As Richard Burton's star power began to decline in the early 1970s, he was chastised for appearing in too many inconsequential films and accused of simply taking any job that came along to help pay for his high-end life style. As with Marlon Brando, many of Burton's films that were initially despised by critics and ignored by the public have gained new appreciation in recent years. One such effort was Villain, a brutal British crime drama produced by Elliott Kastner, directed by the unheralded Michael Tucher and boasting script contributions than none other than character actor Al Lettieri, who made a career of playing gangsters. Clearly inspired by the reign of terror presided over by London's notorious Kray clan, the story finds Burton as Vic Dakin, an outwardly charismatic and charming man who also happens to be one of the city's most notorious crime lords. Vic is no white collar criminal. He still lives among the people he terrorizes and is a mainstay at the local pub. Vic dotes on his aging mother (Cathleen Nesbitt) and keeps his army of confederates in line through the threat of strict punishment for any violation of trust. Vic's ambitions get the better of him when he strays from neighborhood crime and plans an ambitious heist with a reluctant fellow crime lord. The plan goes horribly awry, leading Vic to fear that he will be sold out by his co-conspirator, who is severely wounded and in police custody. He becomes obsessed with gaining access to the man and silencing him before he can talk. Doggedly following his every move is a police inspector (well-played by Nigel Davenport), who engages in a game of psychological cat-and-mouse with Vic in his quest to bring the vicious criminal to justice.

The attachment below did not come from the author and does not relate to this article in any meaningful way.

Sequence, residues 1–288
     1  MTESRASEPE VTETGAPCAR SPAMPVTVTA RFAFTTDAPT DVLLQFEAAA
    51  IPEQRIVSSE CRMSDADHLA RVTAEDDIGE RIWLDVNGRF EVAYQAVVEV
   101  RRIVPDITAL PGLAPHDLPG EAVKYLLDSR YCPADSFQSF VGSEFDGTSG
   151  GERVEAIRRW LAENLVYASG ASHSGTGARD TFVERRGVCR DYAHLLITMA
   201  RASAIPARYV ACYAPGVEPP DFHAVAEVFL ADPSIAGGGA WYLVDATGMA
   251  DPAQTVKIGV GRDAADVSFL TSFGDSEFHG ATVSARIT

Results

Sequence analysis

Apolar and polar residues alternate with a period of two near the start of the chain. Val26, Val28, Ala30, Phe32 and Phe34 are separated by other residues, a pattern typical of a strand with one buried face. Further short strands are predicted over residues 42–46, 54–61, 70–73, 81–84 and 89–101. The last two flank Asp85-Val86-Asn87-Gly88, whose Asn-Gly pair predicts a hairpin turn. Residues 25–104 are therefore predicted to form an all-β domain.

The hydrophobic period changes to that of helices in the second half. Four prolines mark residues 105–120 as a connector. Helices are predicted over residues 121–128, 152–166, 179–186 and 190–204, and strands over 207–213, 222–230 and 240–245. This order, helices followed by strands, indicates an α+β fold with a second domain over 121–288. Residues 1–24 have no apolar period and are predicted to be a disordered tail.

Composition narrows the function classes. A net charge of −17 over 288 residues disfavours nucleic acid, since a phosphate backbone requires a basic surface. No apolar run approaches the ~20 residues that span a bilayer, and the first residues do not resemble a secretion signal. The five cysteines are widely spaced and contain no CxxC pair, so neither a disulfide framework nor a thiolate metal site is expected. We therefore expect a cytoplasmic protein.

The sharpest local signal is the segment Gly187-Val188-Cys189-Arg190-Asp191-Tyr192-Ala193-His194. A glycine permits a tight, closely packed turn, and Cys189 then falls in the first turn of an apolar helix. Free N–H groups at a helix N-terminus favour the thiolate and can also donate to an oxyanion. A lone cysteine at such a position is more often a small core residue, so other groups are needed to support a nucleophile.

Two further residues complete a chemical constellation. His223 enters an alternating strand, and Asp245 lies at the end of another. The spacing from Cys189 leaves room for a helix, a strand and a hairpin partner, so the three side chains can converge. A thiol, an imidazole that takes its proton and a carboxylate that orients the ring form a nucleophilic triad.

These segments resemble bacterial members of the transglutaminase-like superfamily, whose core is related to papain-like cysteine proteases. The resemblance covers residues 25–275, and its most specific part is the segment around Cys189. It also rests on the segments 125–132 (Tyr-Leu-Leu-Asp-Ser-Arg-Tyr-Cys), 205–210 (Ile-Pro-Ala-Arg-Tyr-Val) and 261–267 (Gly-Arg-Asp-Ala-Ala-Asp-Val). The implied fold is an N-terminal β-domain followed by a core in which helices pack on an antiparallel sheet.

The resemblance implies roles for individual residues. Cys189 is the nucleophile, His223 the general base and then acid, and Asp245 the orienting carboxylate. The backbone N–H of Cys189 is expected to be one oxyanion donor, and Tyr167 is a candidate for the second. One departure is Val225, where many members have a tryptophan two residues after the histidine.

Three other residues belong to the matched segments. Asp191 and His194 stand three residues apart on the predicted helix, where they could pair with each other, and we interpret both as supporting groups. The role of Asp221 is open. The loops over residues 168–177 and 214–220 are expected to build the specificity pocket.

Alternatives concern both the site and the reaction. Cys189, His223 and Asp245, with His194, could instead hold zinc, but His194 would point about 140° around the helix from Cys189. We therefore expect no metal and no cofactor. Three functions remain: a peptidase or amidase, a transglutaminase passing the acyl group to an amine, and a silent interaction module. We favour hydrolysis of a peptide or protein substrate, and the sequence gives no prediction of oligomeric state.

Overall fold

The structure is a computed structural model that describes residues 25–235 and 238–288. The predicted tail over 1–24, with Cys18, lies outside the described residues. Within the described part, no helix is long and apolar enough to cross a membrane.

Villain was denounced by British critics and movie fans at the time because of what was perceived as Burton's ill-fated attempt to master a Cockney accent. However, other aspects of his performance are admirable. Burton pretty much controls his penchant for scenery-chewing and offers a fairly restrained portrayal of a sadistic man who is nonetheless slow to reach his boiling point. Vic can be sensitive, funny and ingratiating..but when driven to anger, capable of administering much brutality himself. He also hides the fact that he is gay and his preferred sex partner is Wolfie (excellently played by Ian McShane), a good looking ladies man who one suspects is only bedding Vic out of fear of rejecting his overtures. (A sex scene between Burton and McShane was filmed but ended up on the cutting room floor.) The homosexual angle is only hinted at in the final cut of the film, but Burton had gone a bridge too far in this regard, at least as far as critics were concerned. Two years before, he had played a prissy gay man opposite Rex Harrison (as his lover) in Stanley Donen's Staircase, another fine film that was under-appreciated in its day. Burton's bold career moves would be praised today but met with scorn at the time. His face weather-beaten from years of personal excess, Burton was actually entering an interesting period of his career that saw him able to expand beyond playing hunky heart throbs. Villain affords him an interesting starring vehicle that is now being favorably compared to other classic British crime films such as Get Carter, a movie that was released the same year and also met with a mediocre response until a new generation discovered its merits. Perhaps the same will hold true for this film, which boasts an excellent supporting cast, fine direction and a literate, believable script.
The Warner Archive has released Villain as a burn-to-order DVD. Quality is fine, but sadly there are no extras.
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